I wanted to say a few words about the recent Richard Dare article that has popped up…It’s gotten some criticism but I’m a big fan. I don’t agree with everything, however. I don’t think we can justify people milling about the concert hall, or singing along, talking…that is, if we are to only present a typical classical concert environment.
I think audiences should atleast occasionally have the chance to hear music in the environment it was conceived for—that is, chamber music is chamber music. A string quartet I admire on many levels, who I’ve had the pleasure of being coached by (the Chiara Quartet) has done tours of “Beethoven in Bars”. Why not? Let people take what they want out of it and leave the rest. Chances are it’s the people who are relaxed, and caught by surprise, not expecting to experience this music this night, who will be the most intrigued. Even “concert music” was performed in a social setting, and I’ve written about this tangentially in a past blog.
At the same time, though, a lot of contemporary music was conceived for a quiet concert hall, and should be performed as such. You won’t get much out of Wuorinen by listening to him casually. This stuff needs to be the center of attention.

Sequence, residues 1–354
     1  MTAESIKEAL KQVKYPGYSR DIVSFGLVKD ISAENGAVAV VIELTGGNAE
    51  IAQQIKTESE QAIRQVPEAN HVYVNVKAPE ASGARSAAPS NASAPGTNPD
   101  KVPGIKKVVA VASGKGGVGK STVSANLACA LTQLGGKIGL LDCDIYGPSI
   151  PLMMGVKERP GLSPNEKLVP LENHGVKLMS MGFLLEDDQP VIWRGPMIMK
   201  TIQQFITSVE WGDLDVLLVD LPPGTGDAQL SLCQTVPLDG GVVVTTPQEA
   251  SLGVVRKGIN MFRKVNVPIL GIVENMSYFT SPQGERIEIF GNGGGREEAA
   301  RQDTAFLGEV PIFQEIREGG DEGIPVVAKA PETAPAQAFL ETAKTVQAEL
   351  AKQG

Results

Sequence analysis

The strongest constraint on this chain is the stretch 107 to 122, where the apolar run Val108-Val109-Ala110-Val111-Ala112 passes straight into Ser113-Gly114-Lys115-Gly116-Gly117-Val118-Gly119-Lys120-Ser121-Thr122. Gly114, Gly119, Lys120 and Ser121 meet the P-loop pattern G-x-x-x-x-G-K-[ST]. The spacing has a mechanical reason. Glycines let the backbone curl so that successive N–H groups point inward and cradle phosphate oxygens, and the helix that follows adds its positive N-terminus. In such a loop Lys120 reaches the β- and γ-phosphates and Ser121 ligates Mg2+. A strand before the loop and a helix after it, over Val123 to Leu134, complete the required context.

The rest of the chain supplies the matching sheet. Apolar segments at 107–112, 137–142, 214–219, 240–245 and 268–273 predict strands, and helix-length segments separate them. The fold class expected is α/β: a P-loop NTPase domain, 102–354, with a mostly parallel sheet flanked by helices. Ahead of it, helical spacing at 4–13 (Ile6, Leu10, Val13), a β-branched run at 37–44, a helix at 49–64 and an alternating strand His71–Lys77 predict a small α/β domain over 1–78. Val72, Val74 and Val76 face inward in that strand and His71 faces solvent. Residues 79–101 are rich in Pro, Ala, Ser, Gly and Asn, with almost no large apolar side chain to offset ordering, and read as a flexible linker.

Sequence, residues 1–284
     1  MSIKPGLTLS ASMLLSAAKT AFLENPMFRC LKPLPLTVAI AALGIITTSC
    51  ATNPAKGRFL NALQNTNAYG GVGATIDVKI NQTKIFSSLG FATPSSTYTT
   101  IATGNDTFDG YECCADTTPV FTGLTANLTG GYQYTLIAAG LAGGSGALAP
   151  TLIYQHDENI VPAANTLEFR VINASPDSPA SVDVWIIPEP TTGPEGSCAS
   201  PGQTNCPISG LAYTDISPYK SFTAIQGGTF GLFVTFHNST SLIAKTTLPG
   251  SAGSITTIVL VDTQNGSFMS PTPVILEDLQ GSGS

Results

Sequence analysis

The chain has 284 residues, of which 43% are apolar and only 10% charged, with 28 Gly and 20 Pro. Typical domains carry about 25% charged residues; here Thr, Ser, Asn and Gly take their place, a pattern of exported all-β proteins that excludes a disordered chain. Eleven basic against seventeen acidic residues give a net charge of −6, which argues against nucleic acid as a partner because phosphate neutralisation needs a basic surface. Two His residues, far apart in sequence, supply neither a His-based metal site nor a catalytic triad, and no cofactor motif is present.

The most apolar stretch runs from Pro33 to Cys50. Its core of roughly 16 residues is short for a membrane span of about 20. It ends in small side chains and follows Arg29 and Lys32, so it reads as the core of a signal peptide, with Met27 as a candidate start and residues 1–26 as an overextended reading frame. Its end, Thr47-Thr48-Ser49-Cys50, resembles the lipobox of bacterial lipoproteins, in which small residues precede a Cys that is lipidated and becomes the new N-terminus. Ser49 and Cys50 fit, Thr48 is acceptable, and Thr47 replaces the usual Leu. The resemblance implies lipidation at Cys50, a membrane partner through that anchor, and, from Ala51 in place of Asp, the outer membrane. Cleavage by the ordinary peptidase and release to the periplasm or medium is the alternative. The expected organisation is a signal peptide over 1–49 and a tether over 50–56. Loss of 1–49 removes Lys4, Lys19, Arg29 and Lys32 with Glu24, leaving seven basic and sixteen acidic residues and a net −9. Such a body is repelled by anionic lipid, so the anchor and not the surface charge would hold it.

I’ve said for a while now, and I will continue to say, anyone is welcome to clap anywhere and at any time during one of my solo performances. It might distract me—oh well, I’ll deal with it and it will add to the humanness of my playing. Perhaps a little discomfort on stage is what we need to relax and make enthralling music.
More than anything, I want to be able to react to a performance that I’m watching how I like to react to a performance that I’m giving. I used to be motionless when I played, and my playing was quite emotionless. I was self-consciousness embodied in sound. As I started to come out of my shell, I just let myself move, shuffle my feet, sway, sing, react facially to what I was trying to convey…And not only was my playing transformed but my enjoyment of music, my insight and my critical listening skills all grew immensely.
Thus I hope to experience music as a listener, the same way I experience it as a performer. I think non-classical musicians would feel the way I do about music if they were allowed to experience it how they tend to experience and enjoy their choice music. Perhaps Dare’s larger point is this: who is prescribing how classical music is ‘supposed’ to be experienced? It’s certainly not the classical composers, not performers from ages past. Why not relax arbitrary rules?…None of the critical comments I read address Dare’s points that the classical music environment is a wholly unwelcoming one. Why wouldn’t we want to change that, if at least to offer a continuum of concert experiences from the casual and social to the serious and formal.